The participants were signalled seven times a day over 14 hours for seven consecutive days so they could message back whether they were experiencing a desire at that moment or had experienced one within the last 30 minutes, what type it was, the strength (up to irresistible), whether it conflicted with other desires and whether they resisted or went along with it. There were 10,558 responses and 7,827 “desire episodes” reported.

“Modern life is a welter of assorted desires marked by frequent conflict and resistance, the latter with uneven success,” said Hofmann. Sleep and leisure were the most problematic desires, suggesting “pervasive tension between natural inclinations to rest and relax and the multitude of work and other obligations”.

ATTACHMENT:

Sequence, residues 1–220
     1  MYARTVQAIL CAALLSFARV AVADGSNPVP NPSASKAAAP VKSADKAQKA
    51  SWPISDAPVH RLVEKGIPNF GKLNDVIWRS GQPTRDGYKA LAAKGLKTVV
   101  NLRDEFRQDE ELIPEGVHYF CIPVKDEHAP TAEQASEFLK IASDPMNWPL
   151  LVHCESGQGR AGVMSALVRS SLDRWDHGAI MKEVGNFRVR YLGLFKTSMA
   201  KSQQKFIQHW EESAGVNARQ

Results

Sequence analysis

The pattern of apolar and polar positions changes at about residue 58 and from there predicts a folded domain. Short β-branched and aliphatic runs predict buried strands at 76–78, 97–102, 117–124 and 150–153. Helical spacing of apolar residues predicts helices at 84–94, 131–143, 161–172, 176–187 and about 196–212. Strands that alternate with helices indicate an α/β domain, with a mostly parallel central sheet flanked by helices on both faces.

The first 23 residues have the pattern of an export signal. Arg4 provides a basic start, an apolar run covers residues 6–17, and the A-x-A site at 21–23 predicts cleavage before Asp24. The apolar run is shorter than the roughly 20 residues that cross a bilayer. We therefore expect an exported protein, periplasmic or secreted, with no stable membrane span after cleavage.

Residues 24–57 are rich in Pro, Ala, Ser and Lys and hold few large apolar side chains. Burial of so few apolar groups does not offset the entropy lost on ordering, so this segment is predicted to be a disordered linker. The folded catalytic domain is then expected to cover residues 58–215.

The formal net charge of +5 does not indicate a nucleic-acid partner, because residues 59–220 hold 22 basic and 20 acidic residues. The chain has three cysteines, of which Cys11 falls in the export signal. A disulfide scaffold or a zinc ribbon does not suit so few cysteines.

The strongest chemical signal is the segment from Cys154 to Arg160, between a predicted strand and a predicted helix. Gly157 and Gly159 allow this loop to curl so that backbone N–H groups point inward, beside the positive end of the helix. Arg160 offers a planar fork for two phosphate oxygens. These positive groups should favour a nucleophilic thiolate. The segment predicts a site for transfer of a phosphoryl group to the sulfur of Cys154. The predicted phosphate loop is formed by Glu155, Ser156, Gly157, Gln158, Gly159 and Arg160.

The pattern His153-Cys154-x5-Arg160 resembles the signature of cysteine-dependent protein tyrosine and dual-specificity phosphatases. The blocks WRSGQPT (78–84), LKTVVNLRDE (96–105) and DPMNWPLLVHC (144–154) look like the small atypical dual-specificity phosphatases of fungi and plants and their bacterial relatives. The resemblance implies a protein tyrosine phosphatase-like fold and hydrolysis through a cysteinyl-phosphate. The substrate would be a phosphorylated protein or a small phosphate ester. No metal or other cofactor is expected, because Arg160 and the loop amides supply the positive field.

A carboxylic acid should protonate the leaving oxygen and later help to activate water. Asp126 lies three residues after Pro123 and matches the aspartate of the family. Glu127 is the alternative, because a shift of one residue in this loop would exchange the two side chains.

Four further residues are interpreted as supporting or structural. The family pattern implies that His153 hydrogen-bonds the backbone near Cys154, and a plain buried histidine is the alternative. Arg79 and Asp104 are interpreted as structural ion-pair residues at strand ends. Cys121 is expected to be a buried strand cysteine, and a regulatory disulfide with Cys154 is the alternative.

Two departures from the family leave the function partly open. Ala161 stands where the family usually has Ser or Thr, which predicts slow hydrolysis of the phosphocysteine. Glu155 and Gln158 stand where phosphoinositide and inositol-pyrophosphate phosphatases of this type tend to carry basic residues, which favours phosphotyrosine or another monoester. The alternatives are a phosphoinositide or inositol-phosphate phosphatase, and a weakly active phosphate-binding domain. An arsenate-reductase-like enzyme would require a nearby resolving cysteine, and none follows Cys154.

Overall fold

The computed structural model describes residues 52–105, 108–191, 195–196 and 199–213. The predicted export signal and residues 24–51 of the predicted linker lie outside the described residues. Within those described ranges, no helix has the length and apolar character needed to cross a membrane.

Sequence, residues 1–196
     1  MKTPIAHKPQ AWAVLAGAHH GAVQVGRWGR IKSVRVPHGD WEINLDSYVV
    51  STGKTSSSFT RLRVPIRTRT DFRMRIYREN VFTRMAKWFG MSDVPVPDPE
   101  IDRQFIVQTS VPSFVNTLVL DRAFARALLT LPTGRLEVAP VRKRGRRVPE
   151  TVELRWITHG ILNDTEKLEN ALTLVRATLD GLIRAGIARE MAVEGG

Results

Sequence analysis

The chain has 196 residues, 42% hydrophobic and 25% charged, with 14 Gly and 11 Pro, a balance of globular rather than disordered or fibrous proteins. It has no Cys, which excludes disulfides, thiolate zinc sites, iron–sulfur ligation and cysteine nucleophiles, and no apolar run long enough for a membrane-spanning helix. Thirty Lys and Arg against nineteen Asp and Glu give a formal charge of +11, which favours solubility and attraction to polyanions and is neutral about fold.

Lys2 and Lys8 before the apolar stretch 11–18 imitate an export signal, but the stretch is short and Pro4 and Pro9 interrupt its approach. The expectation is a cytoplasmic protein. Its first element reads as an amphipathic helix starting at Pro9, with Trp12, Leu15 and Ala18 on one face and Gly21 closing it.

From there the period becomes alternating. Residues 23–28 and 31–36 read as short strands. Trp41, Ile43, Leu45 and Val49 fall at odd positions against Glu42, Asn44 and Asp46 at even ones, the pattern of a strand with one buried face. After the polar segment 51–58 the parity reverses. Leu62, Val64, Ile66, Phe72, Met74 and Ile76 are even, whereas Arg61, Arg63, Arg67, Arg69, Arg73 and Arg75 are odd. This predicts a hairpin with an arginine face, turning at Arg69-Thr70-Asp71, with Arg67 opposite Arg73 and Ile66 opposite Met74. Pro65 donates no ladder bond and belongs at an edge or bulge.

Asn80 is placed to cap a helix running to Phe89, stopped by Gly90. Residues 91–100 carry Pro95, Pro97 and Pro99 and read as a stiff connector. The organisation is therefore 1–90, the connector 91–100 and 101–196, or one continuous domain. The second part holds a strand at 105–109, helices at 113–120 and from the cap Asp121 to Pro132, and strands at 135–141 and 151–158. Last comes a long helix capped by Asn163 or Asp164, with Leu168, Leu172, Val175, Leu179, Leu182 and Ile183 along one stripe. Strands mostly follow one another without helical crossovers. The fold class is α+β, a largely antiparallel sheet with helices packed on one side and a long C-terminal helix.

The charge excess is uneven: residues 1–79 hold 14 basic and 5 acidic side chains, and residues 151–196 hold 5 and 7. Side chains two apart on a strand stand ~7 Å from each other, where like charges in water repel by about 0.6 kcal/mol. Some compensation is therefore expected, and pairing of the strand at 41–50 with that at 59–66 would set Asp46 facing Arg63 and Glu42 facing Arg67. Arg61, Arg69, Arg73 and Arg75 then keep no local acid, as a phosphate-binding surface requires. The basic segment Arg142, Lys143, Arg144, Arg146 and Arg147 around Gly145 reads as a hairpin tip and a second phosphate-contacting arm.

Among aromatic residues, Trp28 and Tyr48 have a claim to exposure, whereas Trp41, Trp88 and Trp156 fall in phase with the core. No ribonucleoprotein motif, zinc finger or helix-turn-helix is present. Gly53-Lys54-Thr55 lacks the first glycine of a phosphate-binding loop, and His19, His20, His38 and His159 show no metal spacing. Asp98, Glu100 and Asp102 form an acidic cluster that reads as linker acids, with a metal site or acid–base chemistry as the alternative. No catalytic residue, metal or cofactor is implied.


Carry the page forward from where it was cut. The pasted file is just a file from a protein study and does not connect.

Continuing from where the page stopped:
The researchers found that as the day wore on, willpower became lower. Their paper says highest “self-control failure rates” were recorded with media. “Resisting the desire to work was likewise prone to fail. In contrast, people were relatively successful at resisting sports inclinations, sexual urges, and spending impulses, which seems surprising given the salience in modern culture of disastrous failures to control sexual impulses and urges to spend money.”